The government of Ghana is requesting from Parliament,¢11,896,477,566.00 supplementary budget, to support its expenditure for the rest of the year 2020.
The country’s fiscal projections have been hit by coronavirus pandemic but the government plans to restrategize to generate more revenue to revamp the economy.
Finance Minister, Ken Ofori-Atta‘s presentation is in accordance with Article 179 (8) of the 1992 Constitution of Ghana, Standing Order 143 of the House as well as Section 28 of the Public Financial Management Act (2015), Act 921 which requires the Finance Minister to prepare and submit to Parliament a mid-year fiscal policy review not later than July 31 of each financial year.
Earlier this year, the Minister announced that the government will require some GHS9.5 billion to fight the COVID-19 pandemic, a situation which may move the 2020 budget deficit to over seven percent.
He also stated that this will be 2.5 percent of Ghana’s revised GDP, and there will be a “fiscal gap of ¢11.4 billion.”
But at the mid-year budget presentation in Parliament on Thursday, July 23, 2020, Mr. Ofori-Atta said the supplementary budget is to assist the government to implement various initiatives to strengthen various sectors of the economy due to the revenue shortfalls and budget deficit created by the impact of the Coronavirus pandemic.
“Mr. Speaker, this Mid-Year Fiscal Policy Review and its programs draw us closer to our collective aspirations. Whilst this pandemic requires us to exceed the limits imposed by the FRA, Act, 982, we have had to make these major expenditures to protect the lives and livelihoods of Ghanaians and sustain businesses. We, therefore, request a supplementary budget of ¢11,896,477,566.00 to enable us to continue this extraordinary task”, he requested.
According to the Minister, the country has been hit with a double shock: a health pandemic and a global economic recession.
The situation he says has resulted in a revenue shortfall of ¢13.6 billion and unanticipated but necessary expenditures of approximately ¢11.7 billion.
This particular year’s presentation highlighted on the government’s plan on how the country is to recover from the shocks of the economy due to the withdrawal of advanced monies from the Contingency and Stabilisation Funds following the COVID-19 pandemic and touched on key economic indicators such as growth rate, primary balance, budget deficit, revenue and expenditure targets among others.
The Minister had earlier in the year announced that government will require about 9.5 billion cedis to fight the COVID-19 pandemic, a situation which may move the 2020 budget deficit to over 7 percent after Parliament in April approved government’s request to withdraw ¢1.2 billion from the Contingency Fund to finance the Coronavirus Alleviation Programme (CAP).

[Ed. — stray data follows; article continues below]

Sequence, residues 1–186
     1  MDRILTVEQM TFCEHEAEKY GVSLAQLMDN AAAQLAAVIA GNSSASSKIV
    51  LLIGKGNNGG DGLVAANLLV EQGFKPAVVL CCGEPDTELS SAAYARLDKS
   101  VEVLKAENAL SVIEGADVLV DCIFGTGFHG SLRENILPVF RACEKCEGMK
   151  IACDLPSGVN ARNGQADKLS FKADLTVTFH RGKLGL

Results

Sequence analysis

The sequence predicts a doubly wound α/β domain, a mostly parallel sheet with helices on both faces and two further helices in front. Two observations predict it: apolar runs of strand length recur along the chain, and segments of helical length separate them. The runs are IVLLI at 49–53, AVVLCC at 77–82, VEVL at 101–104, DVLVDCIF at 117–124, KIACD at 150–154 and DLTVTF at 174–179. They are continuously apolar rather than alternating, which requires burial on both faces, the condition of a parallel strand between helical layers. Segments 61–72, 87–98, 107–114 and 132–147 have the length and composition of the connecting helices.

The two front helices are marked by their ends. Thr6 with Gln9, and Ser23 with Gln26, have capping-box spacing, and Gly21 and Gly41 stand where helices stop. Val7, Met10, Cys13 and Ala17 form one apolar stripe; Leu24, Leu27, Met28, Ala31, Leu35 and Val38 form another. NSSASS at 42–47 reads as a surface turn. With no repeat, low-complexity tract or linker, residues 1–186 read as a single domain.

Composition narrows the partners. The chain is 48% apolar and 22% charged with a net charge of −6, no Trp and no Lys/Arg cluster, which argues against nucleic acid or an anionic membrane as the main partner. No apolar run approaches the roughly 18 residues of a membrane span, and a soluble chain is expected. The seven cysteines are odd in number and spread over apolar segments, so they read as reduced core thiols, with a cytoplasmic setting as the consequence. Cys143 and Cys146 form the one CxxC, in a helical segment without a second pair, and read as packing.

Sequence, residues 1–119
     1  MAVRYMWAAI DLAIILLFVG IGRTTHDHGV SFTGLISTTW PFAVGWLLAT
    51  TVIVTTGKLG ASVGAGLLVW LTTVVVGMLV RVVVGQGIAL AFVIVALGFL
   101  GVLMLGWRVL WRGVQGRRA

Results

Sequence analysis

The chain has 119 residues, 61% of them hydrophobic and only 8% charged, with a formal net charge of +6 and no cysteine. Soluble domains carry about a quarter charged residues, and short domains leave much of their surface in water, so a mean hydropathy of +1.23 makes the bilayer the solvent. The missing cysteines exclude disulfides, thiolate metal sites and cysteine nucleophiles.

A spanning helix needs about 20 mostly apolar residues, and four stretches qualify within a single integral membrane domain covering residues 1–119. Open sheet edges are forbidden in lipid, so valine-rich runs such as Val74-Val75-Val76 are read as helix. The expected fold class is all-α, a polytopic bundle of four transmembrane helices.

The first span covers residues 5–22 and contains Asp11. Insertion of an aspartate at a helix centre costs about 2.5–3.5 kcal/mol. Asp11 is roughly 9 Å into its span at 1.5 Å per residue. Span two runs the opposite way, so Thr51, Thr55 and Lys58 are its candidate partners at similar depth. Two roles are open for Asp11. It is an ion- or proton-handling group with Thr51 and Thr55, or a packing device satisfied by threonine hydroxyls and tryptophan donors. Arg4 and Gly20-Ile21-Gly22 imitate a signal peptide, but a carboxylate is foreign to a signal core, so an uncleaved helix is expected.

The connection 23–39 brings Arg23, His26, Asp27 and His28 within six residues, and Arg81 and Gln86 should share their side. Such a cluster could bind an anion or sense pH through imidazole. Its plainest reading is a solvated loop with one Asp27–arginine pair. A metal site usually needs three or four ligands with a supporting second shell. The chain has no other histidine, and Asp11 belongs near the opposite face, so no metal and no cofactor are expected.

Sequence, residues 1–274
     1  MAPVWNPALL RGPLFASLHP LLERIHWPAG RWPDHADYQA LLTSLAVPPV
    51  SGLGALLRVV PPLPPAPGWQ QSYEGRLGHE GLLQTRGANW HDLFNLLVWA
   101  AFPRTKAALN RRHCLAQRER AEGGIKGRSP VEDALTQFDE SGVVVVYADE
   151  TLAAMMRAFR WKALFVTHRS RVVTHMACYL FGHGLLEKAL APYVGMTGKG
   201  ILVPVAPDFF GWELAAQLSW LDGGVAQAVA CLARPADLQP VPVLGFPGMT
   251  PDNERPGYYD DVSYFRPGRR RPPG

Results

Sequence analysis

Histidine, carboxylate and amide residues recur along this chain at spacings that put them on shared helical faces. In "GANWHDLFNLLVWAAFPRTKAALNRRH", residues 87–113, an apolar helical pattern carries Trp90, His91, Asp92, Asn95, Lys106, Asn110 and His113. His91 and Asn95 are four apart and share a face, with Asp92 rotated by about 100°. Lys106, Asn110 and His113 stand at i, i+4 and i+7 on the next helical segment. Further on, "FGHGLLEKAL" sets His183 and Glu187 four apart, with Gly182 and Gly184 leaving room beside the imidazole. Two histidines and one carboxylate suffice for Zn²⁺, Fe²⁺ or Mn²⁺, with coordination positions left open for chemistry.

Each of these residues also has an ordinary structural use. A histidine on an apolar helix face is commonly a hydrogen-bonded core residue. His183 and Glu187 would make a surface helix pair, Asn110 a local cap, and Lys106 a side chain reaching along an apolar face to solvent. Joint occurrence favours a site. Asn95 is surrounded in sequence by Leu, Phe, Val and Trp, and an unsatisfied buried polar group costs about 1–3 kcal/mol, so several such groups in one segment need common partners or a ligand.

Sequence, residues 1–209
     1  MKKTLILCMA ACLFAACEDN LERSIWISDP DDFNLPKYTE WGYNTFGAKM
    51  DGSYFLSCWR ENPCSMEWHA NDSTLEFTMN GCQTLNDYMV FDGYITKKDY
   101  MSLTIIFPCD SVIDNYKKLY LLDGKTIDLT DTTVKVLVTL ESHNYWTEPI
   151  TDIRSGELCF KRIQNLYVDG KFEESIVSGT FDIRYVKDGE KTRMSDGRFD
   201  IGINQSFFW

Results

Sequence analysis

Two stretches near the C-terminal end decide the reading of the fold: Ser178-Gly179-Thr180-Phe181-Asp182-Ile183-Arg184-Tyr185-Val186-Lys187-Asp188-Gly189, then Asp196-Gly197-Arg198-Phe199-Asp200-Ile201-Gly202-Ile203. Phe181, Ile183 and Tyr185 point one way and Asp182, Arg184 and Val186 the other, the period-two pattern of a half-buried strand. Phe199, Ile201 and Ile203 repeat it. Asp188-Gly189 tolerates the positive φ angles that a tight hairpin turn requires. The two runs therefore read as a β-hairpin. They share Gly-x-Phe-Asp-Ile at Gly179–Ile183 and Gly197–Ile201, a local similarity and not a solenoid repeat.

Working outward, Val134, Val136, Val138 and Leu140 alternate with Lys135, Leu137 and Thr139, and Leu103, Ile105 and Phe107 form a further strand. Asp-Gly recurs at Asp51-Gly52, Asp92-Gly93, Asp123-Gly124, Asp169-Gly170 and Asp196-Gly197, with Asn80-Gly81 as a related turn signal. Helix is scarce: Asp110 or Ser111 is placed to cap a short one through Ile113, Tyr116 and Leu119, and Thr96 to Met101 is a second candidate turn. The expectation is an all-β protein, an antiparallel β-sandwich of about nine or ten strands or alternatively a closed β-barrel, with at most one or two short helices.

The Minister said the outbreak of the pandemic is having a negative impact on the financial sector not only here in Ghana but also across the world and that all over the world, central banks are being relied upon by governments to find the liquidity to tackle the socio-economic difficulties unleashed by the pandemic.
He said the COVID-19 pandemic has also led to disruption in corporate and general business confidence, with threats to projected revenues, profitability, liquidity, and corporate growth and stated that so far 19 out of the 28 State-owned Enterprises (SOEs) are projecting losses up to ¢1.55 billion for 2020.
On the performance of the economy in the first quarter of 2020, he announced Overall Real GDP growth rate of 6.8 percent, Non-Oil Real GDP growth rate at 6.7 percent, End-Period Inflation rate of 8.0 percent, Overall Fiscal Deficit of 4.7 percent of GDP, Primary Surplus of 0.7 percent of GDP and Gross International Reserves to cover at least 3.5 months of imports of goods and services
Ken Ofori-Atta disclosed that the Bank of Ghana has stepped up to the challenge and announced various policy measures to help support the economy and financial institutions in order to cushion the adverse impact of Covid-19 on the economy which he stressed has been possible because of the responsible and competent management of both the fiscal and monetary space since 2017.
He revealed that Government has additionally borrowed ¢10 billion from the Bank of Ghana (BoG) and received a USD 1 billion rapid credit facility from the International Monetary Fund (IMF) as part of funds for the electricity relief package for Ghanaians for the remainder to be used to support the 2020 Budget.
According to the Minister, though targets set out by the government at the beginning of the year were not met, he is positive of a robust turnaround in the economic fortunes of the country within the second half of the year and used the opportunity to announce the review of some of the key macroeconomic targets announced in the 2020 budget read last year.
The Minister lamented that the government took over a treasury thwarted in high debt burden, a derailed IMF program, forlornly expected to be corrected by the same government that had lost touch with the plight and aspirations of the people and lost track with its own program of action.
Ken Ofori-Atta, however, boasted that the NPP government has bequeathed an economy that was choking on the largest nominal fiscal slippages since independence, with underperforming revenues battling against the insatiable appetite of an overspending government, surrounded by a mountain range of billions of arrears about half of which turned out to be dubious.
He lauded the august House for its continuous support and expressed his sincere gratitude for the enormous support extended to him since taking office adding that he truly appreciated the long hours the MPs sat through, considering and passing key bills and measures for the ASEMPA BUDGET in 2017, the ADWUMAPA budget in 2018, MPONTUO Budget of 2019 and the NKOSUO AND NKABOM Budget of 2020.
Source: Daily Mail GH